Filed under: Civil Liberties, Manifesto, Media, Politics, Risk, Security, Security Theater, Terrorism
We shouldn’t be afraid of terrorism.
We shouldn’t be afraid
… the number of people worldwide who die as a result of international terrorism is generally only a few hundred a year, tiny compared to the numbers who die in most civil wars or from automobile accidents. In fact, until 2001 far fewer Americans were killed in any grouping of years by all forms of international terrorism than were killed by lightning. And except for 2001, virtually none of these terrorist deaths occurred within the United States itself. Indeed, outside of 2001, fewer people have died in America from international terrorism than have drowned in toilets.
Even with the September 11 attacks included in the count, however, the number of Americans killed by international terrorism since the late 1960s (which is when the U.S. State Department began its accounting) is about the same as the number killed over the same period by lightning—or by accident-causing deer or by severe allergic reactions to peanuts. In almost all years the total number of people worldwide who die at the hands of international terrorists is not much more than the number who drown in bathtubs in the United States.
Mueller plots this data (colours added by me to make it look better in the tiny picture):
There is a massive spike in 2001 as a consequence of the WTC attacks. Data after 2003 is slightly more difficult to come by because after 2001 the methods of collecting terrorism data changed, and some claim that they were inflated. The NCST give this shiny graph of monthly fatalities from terrorist attacks from 1998 to 2004:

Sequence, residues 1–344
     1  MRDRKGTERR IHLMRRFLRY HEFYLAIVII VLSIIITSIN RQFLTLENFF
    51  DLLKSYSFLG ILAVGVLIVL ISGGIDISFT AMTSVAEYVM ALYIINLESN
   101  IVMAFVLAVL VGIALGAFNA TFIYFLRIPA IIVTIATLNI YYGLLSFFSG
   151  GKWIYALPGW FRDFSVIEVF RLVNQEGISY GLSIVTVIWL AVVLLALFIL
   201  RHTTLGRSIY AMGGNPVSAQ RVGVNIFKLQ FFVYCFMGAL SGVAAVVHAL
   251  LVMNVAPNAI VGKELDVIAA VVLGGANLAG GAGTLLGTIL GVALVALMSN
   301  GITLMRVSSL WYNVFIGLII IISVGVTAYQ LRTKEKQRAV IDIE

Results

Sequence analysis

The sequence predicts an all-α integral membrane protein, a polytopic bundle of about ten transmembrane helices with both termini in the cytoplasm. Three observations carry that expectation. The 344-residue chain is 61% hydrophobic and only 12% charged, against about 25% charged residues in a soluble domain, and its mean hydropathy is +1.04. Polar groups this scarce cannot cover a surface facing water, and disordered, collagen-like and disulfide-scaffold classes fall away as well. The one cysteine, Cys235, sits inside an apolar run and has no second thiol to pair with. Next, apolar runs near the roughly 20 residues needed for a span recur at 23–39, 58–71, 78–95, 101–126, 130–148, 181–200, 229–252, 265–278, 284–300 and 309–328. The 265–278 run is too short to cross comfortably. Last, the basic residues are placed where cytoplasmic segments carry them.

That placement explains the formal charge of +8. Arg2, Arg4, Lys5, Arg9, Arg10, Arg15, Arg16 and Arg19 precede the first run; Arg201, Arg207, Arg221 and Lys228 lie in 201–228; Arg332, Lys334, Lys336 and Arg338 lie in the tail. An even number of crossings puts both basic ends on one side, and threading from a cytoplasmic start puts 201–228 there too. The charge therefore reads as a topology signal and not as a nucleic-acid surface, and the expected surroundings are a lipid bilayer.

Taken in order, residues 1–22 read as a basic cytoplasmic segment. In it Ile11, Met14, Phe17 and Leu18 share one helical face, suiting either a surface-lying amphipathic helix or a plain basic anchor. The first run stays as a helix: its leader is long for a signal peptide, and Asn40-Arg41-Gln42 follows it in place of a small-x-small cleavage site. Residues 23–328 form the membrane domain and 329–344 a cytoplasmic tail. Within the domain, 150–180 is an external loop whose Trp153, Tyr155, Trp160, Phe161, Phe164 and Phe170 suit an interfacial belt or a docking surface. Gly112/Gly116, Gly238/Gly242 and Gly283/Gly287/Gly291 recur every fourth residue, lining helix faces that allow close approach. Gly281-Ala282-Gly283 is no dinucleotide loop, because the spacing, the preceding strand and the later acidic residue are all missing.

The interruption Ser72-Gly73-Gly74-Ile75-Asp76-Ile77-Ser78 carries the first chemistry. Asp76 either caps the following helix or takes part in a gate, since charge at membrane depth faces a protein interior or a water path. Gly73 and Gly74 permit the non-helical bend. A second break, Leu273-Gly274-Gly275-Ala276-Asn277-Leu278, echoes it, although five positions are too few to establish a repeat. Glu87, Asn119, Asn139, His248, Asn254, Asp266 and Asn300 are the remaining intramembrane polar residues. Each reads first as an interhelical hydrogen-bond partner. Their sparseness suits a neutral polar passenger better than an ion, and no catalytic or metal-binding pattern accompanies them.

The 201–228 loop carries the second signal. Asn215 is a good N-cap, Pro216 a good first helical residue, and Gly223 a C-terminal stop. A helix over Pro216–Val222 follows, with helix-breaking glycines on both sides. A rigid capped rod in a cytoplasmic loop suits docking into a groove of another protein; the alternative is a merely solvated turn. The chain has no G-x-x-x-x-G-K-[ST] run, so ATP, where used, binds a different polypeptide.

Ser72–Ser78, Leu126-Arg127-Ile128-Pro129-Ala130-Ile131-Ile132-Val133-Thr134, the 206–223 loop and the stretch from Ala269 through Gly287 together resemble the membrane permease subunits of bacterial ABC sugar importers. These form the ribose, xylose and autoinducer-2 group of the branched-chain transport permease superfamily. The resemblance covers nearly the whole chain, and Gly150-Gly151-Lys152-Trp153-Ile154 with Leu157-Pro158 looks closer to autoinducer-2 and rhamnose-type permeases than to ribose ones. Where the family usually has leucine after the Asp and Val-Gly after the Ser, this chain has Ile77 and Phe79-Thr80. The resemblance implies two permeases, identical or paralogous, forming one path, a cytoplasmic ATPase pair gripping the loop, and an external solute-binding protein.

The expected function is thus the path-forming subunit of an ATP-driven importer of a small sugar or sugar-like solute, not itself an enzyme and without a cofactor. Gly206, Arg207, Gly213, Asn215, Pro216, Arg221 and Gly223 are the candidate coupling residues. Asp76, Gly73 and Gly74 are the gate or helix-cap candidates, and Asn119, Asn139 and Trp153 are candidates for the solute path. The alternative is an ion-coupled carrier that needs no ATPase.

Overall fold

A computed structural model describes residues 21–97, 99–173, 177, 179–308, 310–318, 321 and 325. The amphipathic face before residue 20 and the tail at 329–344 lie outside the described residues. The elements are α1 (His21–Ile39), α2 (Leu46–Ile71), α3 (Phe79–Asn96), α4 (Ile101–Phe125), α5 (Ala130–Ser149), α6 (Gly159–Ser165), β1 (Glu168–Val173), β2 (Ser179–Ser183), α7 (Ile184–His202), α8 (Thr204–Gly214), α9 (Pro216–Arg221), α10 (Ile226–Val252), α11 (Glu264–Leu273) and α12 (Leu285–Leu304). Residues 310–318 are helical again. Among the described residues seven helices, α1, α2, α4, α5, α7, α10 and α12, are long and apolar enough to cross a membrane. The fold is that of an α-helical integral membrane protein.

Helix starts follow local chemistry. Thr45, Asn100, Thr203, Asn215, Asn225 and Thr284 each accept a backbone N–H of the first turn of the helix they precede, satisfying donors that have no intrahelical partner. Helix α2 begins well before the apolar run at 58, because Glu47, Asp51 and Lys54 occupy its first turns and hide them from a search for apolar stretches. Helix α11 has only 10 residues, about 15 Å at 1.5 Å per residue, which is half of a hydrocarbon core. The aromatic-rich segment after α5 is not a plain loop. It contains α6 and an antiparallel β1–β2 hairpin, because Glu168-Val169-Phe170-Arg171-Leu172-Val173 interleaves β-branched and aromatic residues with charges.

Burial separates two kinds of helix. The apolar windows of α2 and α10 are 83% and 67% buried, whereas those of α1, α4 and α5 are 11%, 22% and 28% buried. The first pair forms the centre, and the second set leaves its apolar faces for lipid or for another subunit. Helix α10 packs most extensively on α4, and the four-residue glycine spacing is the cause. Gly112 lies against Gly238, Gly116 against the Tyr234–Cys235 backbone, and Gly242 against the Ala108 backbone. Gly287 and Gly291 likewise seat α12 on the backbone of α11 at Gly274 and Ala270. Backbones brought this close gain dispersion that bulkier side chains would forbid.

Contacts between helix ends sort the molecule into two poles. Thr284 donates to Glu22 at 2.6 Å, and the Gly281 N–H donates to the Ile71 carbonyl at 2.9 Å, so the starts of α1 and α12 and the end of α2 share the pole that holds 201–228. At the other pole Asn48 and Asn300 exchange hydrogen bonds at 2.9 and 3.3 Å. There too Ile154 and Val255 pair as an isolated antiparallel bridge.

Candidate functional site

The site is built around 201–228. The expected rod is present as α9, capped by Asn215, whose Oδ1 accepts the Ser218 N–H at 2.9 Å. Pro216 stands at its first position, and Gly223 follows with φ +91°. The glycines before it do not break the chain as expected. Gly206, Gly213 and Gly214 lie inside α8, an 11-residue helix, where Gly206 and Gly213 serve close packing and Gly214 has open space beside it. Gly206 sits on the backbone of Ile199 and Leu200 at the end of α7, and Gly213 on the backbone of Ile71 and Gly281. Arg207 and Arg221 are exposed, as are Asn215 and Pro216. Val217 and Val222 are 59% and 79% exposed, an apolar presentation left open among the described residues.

The MIPT data gives this for worldwide annual terrorism fatalities 2000-2006:
For the US and Western Europe only, they give this data (I’ve not included the roughly 3000 WTC attack deaths in 2001 so that the scale of the graph is right and you can see the detail more clearly) for 1968-2007:
The graphs indicate that terrorism is on the rise, but even taking the most pessimistic view of things the numbers are still microscopic on a global or even national scale. For comparison, in the US there are 40,000 road deaths a year, in the UK there are 3000 a year.
The upshot of all this is that based on the evidence of what has happened so far, the chance of being killed in a terrorist attack is negligible. If you want to worry about being killed by something, terrorism should be one of the last things on your list.
But what if things got much worse?
It’s possible that terrorist actions could get worse in three ways:
- they could become much more frequent
- they could get much more effective
- they could get hold of nuclear, biological or chemical weapons